A story about a young girl named
Amanda, her mother and unkind stepfather. It won first place in an online short
story competition, and was recognized for its unique ending.
Amanda clutched the bed sheets. The fabric twisted between her fingers, her knuckles matching the color of the white linen. Like the legs of a thousand icy spiders the tingle of fear prickled up her spine and crawled toward her neck, raising a field of gooseflesh across her arms. He would be home soon.
Pale slivers of light crept into her bedroom through the crack under the door and around the ill-fitted frame. It angled across the front of her room covering the worn carpet like a yellowed blanket. The light inched its way up her dresser, some if it lost in the darkness of two missing drawers. On top sat her pink ceramic unicorn, chipped and faded with age. Its golden horn glistened atop its head. It looked happy. At that moment she wished she could be the unicorn.
The knob on the door jiggled once, twice, before the latch released with a heart stopping click. The door groaned loud and long as it swung open. The dark silhouette of her mom stood in the entrance; the opening of the door framed her like a painting of misery. Her joints looked like swollen balls connected by fragile sticks. Her hair was a snarled mess and her back stooped forward as if carrying a burdensome weight. Amanda remembered a time when her mom was beautiful. When she sparkled like the unicorn. That was before she remarried. Before she met him. It felt like a hundred years ago.
Her mom wrapped Amanda in her shaking embrace. Her arms were all bone, her skin as cold as night. Amanda wanted to cry. She wanted to beg her mom to leave, to pack their things and go. But she didn’t. She knew mom wouldn’t listen. Amanda bit into her bottom lip and pinched her thigh, hoping the pain would distract her from the moment.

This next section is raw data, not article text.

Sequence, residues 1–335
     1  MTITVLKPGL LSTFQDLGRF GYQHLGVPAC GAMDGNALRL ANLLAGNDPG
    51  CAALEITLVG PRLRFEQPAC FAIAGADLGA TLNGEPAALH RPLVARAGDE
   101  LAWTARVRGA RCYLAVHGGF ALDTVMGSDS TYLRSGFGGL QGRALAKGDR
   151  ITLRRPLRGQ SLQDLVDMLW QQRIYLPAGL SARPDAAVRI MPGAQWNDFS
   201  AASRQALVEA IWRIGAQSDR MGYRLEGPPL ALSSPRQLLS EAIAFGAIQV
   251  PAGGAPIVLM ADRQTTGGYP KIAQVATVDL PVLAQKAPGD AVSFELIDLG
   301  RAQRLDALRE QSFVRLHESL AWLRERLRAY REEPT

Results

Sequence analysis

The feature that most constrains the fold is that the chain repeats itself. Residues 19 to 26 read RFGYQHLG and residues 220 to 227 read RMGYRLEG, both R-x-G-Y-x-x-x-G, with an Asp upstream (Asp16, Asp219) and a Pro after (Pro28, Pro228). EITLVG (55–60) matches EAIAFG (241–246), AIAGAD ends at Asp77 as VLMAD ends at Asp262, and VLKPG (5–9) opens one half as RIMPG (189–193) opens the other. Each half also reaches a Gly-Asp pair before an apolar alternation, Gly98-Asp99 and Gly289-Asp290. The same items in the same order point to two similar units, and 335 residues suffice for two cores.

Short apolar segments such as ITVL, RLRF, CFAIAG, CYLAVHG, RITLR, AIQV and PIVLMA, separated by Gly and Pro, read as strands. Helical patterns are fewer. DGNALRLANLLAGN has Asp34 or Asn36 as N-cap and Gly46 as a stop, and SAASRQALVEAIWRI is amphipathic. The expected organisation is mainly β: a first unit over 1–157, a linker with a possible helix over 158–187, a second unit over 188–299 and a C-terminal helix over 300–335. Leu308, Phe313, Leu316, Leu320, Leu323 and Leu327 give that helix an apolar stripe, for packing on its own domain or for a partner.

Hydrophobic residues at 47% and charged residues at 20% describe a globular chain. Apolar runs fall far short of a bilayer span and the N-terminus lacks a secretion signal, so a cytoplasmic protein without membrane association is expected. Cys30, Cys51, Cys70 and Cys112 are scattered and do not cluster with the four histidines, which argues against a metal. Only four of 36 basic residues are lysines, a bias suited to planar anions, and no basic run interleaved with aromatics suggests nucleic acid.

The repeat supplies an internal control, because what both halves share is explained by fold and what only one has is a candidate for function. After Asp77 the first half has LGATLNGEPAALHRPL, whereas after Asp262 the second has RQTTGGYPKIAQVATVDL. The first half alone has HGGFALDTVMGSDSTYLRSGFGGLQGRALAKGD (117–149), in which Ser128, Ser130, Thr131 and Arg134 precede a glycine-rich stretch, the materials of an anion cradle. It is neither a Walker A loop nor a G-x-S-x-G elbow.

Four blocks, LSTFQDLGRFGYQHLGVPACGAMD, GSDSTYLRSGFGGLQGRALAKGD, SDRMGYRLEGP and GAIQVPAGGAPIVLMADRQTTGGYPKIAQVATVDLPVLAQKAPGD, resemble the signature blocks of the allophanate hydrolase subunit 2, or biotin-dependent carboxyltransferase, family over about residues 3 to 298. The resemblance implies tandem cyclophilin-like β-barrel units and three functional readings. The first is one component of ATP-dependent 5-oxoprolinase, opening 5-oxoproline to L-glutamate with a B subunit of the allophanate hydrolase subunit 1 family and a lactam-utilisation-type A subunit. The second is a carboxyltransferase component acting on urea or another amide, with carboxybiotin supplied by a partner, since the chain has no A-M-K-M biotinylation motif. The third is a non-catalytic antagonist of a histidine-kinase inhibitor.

The bed swayed on its squeaking springs as they held each other. Amanda felt her mom’s pain radiate through her sobs. A sad, hopeless pain. A drop of wet struck Amanda’s forehead and streaked down the side of her face. She looked up. Her mom’s eyes were filled with jagged red lines like an angry road map, her eyelids quivered as she held back more tears. With her thumb she brushed away the fallen tear from Amanda’s cheek then bent down and pressed her lips against her daughter’s forehead. A simple kiss that begged forgiveness.
Amanda’s mom forced a comforting smile and pushed her way to her feet. Amanda extended her arms, hoping, wishing she would hold her for just a minute longer. Her mom choked at the sight and swallowed hard as if something large was caught in her throat. She blinked the water from her eyes and scrubbed the tears away with weathered hands. She stood facing the door, shaking her head from side to side as if to dismiss the building guilt. Her mom wiped her nose across her torn sleeve, hurried to the door, and left the bedroom. The door shut behind her. A key filled the lock, followed by a metallic clack. The sound echoed off the naked walls of Amanda’s bedroom.
Amanda listened to the hurried padding of her mom’s feet against the wooden hallway floor. The noise eventually faded in the darkness. She was alone. Amanda watched the unicorn through a fresh shower of tears; its horn gleamed in the dirty light. The unicorn was brave. Amanda knew she needed to be like the unicorn. He would be home soon.
She couldn’t sleep. If felt like tiny grains of sand rested under each of her lids, drying and scratching her eyes. Every creak and flex of the old studs in the house rippled through her insides. Her stomach twisted and cramped. A violent slam downstairs rattled the thin pane of glass behind the bed, interrupting the earsplitting silence. Amanda sat upright, waiting, staring at her bedroom door with an unblinking vigil. He was home.